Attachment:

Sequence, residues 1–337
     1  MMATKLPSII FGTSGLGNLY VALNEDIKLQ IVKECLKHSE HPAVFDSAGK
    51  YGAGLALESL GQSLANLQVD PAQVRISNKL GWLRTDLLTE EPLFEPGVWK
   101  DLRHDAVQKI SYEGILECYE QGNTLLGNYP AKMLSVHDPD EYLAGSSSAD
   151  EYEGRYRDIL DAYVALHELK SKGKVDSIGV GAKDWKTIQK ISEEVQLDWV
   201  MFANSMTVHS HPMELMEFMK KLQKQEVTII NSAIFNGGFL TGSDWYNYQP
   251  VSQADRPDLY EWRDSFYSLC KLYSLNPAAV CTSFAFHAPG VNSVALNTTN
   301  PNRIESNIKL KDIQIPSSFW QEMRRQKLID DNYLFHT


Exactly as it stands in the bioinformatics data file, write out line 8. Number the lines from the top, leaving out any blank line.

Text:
   301  PNRIESNIKL KDIQIPSSFW QEMRRQKLID DNYLFHT